Tom Army was born in 1930, the son of George Army, the legendary Hall of Fame trainer of the Rhode Island Reds.

He was raised a slapshot away from the RI Auditorium – his home away from home. There he developed his hockey IQ observing Reds practices and games and sharpened his exceptional talents as a player on Arena ice.

Tom attended LaSalle Academy, later transferring to the closer walk of Hope High School. In 1951, he began his freshman year at Providence College, where he collaborated with a number of classmates to create a club hockey team.

With the help of his father, his friend Ray Farrell, and the guidance of the Rev. Herman Schneider, they entered the club in the new RI Amateur Hockey Association. At season’s end, they would tie for the league title with Tom leading the circuit in scoring. The following season, after a 25-year absence, varsity Friars hockey was reborn with Tom voted co-captain.

Long past graduation, Tom continued to organize and compete. In 1969, when the Dudley Richards Memorial Rink opened in Tom’s hometown of East Providence, he became a founder of the East Providence Hockey Association, became the driving force behind the famous Fram International Hockey Tournaments, and coached numerous championship teams and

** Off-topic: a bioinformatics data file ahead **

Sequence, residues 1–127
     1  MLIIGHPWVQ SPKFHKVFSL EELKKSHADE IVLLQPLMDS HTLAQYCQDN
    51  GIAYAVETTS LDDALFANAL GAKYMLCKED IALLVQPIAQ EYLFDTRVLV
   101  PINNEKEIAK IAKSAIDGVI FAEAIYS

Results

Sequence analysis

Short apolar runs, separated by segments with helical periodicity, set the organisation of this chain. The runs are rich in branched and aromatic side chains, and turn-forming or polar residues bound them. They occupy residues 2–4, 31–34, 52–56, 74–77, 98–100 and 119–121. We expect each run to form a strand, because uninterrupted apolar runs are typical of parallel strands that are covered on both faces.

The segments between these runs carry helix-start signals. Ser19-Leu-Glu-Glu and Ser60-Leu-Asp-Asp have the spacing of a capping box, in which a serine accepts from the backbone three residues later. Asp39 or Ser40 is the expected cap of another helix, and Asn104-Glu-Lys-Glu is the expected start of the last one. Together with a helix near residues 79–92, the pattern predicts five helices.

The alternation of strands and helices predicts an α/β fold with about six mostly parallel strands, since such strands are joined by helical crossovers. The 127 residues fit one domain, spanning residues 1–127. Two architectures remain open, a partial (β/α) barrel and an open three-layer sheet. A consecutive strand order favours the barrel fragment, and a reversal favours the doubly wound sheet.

After the 1972 Summit Series, he took his coaching to a new level, adding the Soviet principles of puck possession and cycling to his coaching handbook. His hockey camps were among the first to blend those elements into his camp curriculum…and the first to include girls with boys. As a result, the EPHA would become the prolific feeder program for the great East Providence High School teams of the 1970’s.

His sons -Tom, Jr., Billy, and Tim – and his grandsons – Travis and Derek – have all followed in Tom’s skates as leaders, talented players and highly successful coaches.

Tom would continue his hockey journey with the Providence Bruins. He served for 28 years as their official scorer and supervisor of off-ice officials, retiring in 2021. He was honored by the P-Bruins for that dedicated service during on-ice ceremonies at the then Dunkin’ Donuts Center in 2022.